Cybersecurity preparedness has become an integral part of business operations today. Despite the occurrence of several cybersecurity threats in the last few years, small companies still hesitate in spending resources to be cybersafe. This hesitation can often be tracked to the prevalence of several common cybersecurity misconceptions which plague the business world. Believing such myths costs a company in the long run, as it puts their data, operations and people at a lot of risk.
While there are many cybersecurity myths, some of them are more damaging than others. To help protect your enterprise, here are four common cybersecurity myths busted.
Myth #1: Small Companies Are Less Likely to Be Hacked
Making the assumption that your company isn’t a target is one of the biggest mistakes you can make. As per the data collected from 2,200+ confirmed data breaches, 58 percent of victims were small businesses.
Hackers look for available computing hardware as nodes to expand their bot network. They use such computers to initiate DDoS attacks, ransomware threats and for numerous other cybercrimes. Hackers expand their network by using free resources, and your computer systems might be among them.
No matter the organization’s size, data is still a valuable commodity. Hackers exploit this by planting ransomware which prevents data access, availability, or both, thus crippling the organisation. Hackers then generate revenue with ransom payments.
Small businesses are the indirect victims, which hackers use as means to target others. Hackers target seemingly low-risk third-party vendors to get to their customers. Because small businesses tend to spend less on security infrastructure (more on this later), it becomes easy for hackers to use such businesses’ systems to their advantage.
Myth #2: Security Is Expensive, Not a Revenue Generator
Small enterprises prioritise investing in things that generate revenue, especially when budget is tight. This leaves cybersecurity to be viewed as an unnecessary expense and left on the back burner.
Data breach incidents continue to rise globally, and organisations storing financial and other sensitive data, have to ensure that all of it is secure. Businesses that invest in cybersecurity can influence customer perception by marketing the high level of security protocols they adhere by, differentiating themselves from their competitors.
Data loss is only one part of an adverse security incident, another is the downtime. Your customers will not be able to purchase products or pay for services, if your web site or server is down. This will adversely affect your revenue and will be costly in the long run.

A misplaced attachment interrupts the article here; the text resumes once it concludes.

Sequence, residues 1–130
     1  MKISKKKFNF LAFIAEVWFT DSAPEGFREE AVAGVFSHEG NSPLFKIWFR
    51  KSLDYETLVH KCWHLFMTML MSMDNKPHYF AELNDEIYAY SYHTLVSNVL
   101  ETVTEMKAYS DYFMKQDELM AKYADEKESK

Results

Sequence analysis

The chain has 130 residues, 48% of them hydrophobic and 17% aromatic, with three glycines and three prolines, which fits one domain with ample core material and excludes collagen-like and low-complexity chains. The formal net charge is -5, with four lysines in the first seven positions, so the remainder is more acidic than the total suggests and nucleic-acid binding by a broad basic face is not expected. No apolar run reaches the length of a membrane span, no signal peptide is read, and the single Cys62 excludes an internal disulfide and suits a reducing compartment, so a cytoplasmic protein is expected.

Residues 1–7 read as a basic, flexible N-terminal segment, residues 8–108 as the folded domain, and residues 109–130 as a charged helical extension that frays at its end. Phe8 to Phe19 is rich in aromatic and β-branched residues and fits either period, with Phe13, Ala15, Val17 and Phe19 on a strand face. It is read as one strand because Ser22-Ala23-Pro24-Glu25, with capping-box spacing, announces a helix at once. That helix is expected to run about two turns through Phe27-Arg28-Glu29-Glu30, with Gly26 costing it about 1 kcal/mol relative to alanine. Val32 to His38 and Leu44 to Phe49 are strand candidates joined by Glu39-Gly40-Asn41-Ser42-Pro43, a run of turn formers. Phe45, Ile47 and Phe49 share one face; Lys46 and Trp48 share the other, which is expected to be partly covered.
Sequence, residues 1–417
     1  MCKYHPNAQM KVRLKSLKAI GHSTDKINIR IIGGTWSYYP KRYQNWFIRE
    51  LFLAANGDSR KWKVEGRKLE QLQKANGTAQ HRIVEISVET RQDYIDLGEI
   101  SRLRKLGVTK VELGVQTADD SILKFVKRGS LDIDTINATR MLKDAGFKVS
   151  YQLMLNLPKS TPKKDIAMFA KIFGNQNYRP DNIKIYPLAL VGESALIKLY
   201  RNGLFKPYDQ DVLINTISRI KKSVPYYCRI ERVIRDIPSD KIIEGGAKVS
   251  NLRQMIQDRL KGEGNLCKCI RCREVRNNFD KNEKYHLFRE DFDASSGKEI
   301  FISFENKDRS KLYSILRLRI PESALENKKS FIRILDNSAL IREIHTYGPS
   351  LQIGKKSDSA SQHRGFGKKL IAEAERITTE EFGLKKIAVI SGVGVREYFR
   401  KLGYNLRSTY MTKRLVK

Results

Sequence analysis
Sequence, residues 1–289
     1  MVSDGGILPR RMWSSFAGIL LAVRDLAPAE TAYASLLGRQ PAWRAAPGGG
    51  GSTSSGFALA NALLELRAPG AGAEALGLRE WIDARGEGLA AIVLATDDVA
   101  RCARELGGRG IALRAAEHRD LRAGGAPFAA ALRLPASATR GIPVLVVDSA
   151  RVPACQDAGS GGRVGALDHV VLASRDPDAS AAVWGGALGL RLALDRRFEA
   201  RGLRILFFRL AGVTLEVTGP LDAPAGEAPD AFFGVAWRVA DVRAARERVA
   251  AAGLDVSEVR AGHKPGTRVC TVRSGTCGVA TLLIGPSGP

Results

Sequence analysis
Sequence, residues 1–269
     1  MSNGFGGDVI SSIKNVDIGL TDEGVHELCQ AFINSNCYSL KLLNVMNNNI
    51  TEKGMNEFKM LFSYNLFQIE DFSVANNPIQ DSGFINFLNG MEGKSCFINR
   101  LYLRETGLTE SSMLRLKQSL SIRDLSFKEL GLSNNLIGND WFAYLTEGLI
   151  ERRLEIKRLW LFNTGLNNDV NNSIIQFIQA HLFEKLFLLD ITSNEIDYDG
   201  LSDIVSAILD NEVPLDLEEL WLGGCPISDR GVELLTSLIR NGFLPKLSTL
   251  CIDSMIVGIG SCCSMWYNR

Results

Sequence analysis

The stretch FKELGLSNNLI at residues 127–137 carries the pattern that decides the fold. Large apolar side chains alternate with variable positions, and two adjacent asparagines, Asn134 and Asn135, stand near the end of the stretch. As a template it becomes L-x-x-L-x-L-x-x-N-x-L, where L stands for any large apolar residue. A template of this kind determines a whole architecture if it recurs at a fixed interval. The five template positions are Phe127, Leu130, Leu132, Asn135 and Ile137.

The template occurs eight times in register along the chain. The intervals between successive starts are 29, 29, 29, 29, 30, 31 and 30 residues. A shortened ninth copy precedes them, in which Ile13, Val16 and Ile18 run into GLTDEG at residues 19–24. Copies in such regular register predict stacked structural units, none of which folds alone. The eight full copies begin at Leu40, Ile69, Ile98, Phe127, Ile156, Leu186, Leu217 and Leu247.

Not every solution you invest in has to be a strain on your budget. Galaxkey is one such data security solution that offers end-to-end security for your organisation. Its focus lies largely on emails and documents, but their protection extends to other facets of your company. From complete email protection to multi-factor authentication, this FIPS 140-2 compliant solution is a relatively cheaper alternative, to keep your enterprise data secure from threats.
Myth #3: Why Invest in Security Infrastructure When Bigger Organisations with Relevant Security Infrastructure Still Experience Security Breaches
This is a common one among many small & mid-sized organisations. They allocate a small cybersecurity budget and justify it by saying that investing extensively in security is a losing game. They cite examples of security breaches at large-scale organisations, with high cybersecurity budgets, and say that if such organisations can be attacked, then what chance does their own organisation have?
It is important for organisations to understand that tools are just one part of security strategy, process and people are of equal importance. Budget allocated by an organisation towards developing their security, might not be focussed to the most important areas. Any organisation can allocate a huge budget for security but if it lacks the right cybersecurity talent, it can still be a victim.
When organisations ignore the importance of tight security controls, they are solely focused on the immediate effects and not on the total cost incurred due to the security incident. Security controls save significant time and resources during subsequent incident response stages like containment, eradication, analysis, recovery and post-incident changes.
Myth #4: We Haven’t Been Attacked Before, So We’re in the Clear.
Often, small scale organisations assume that their security risks are relatively small & static. This usually arises when there isn’t a way to effectively evaluate those risks.
For any organisation big or small, defining what needs to be secured requires identifying applications, processors, servers, network & storage devices, which are operating within an organisation. During the identification process, if the organisation faces either overwhelming or insufficient amounts of data, this process might be simplified, leading to the development of vulnerabilities.
Organisations assume that a particular server doesn’t contain enough sensitive data and is therefore, less likely to be the target of an attack. More often than not, data isn’t the only thing hackers are after. As previously mentioned, servers are often of more value as a way to get into another environment.
If you buy into any of these common cybersecurity myths, you’re setting up your business for some serious disruption, a tarnished reputation, unhappy consumers and high cost of recovery.